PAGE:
Republican legislator indicates Congress will investigate violation of TSA no-fly list


A Republican congressman who serves on the House Homeland Security Committee said Congress “will come for answers” after a hacker revealed the Transportation Security Administration’s no-fly list of known or suspected terrorists was accessible on an unsecured computer server .

“The entire US no-fly list – with more than 1.5 million entries – was found on an unsecured server by a Swiss hacker,” Bishop said in a statement. tweet. “Aside from the fact that the list is a civil liberties nightmare, how was this information so easily accessible?”

The North Carolina legislator, who sits on the House Homeland Security Committee, indicated that Congress will investigate the data exposure revealed Friday.

“We will come for answers,” Bishop claimed, making it possibly the latest in a long list of investigations that House Republicans have promised to launch now that they control the lower chamber.

CNN has contacted the committee for comment.

In an earlier statement to CNN, the TSA said Friday that it is “aware of a potential cybersecurity incident and we are investigating it in conjunction with our federal partners.”

The data was on the public internet on an unsecured computer server hosted by CommuteAir, a regional airline based in Ohio, according to the hacker who claimed the discovery, CNN previously reported.

The hacker, who also describes herself as a cybersecurity researcher, previously told CNN that she notified CommuteAir of the data exposure.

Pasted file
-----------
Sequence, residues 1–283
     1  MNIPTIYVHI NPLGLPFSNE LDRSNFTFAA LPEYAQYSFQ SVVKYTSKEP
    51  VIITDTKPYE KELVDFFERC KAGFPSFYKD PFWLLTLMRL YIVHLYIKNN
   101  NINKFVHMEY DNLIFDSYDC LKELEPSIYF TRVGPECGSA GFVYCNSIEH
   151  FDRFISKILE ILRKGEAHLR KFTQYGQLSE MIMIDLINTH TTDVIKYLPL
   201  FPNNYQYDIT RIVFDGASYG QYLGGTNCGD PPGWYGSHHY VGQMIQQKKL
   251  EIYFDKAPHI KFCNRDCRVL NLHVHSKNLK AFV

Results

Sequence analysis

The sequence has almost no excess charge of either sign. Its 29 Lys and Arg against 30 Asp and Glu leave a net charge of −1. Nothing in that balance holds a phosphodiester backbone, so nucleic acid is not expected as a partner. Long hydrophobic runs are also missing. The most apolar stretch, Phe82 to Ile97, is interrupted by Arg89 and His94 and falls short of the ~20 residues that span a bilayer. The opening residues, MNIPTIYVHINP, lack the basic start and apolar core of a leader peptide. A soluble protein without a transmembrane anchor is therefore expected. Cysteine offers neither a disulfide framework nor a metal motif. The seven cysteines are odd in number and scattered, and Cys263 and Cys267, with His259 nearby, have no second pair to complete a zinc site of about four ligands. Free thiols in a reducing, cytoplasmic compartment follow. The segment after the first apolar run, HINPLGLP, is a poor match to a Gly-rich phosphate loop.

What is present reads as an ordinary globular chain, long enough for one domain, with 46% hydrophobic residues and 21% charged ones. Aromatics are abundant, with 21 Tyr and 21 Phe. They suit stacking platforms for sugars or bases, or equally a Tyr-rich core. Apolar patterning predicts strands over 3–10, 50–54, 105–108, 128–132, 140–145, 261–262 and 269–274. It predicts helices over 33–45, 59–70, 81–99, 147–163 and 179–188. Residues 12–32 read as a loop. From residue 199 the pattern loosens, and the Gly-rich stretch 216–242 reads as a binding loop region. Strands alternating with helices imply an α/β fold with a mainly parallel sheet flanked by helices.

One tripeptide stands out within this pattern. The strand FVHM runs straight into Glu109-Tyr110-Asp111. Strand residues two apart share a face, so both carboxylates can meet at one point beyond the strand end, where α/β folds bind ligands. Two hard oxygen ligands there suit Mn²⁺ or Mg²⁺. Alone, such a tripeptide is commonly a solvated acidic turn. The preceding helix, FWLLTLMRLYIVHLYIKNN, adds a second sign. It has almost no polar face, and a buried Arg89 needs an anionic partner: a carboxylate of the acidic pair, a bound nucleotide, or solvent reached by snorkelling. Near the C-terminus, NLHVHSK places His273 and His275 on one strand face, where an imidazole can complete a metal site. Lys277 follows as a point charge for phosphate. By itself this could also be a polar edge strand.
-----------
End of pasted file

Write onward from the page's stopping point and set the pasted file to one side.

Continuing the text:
The regional airline said in a statement that the data accessed by the hacker was “an outdated 2019 version of the federal no-fly list” that included names and dates of birth.

The no-fly list is a list of known or suspected terrorists who are not allowed to fly into or into the US. The screening program grew out of the September 11, 2001 terrorist attacks and involves airlines comparing their passenger records with federal records to keep dangerous people off planes.

CNN previously reported that CommuteAir, which exclusively operates 50-seat regional flights for United Airlines from its Washington Dulles, Houston and Denver hubs, said it took the affected computer server offline after a “member of the security research community” contacted the airline. .

The Daily Dot, a tech news outlet, first reported on the alleged data breach.

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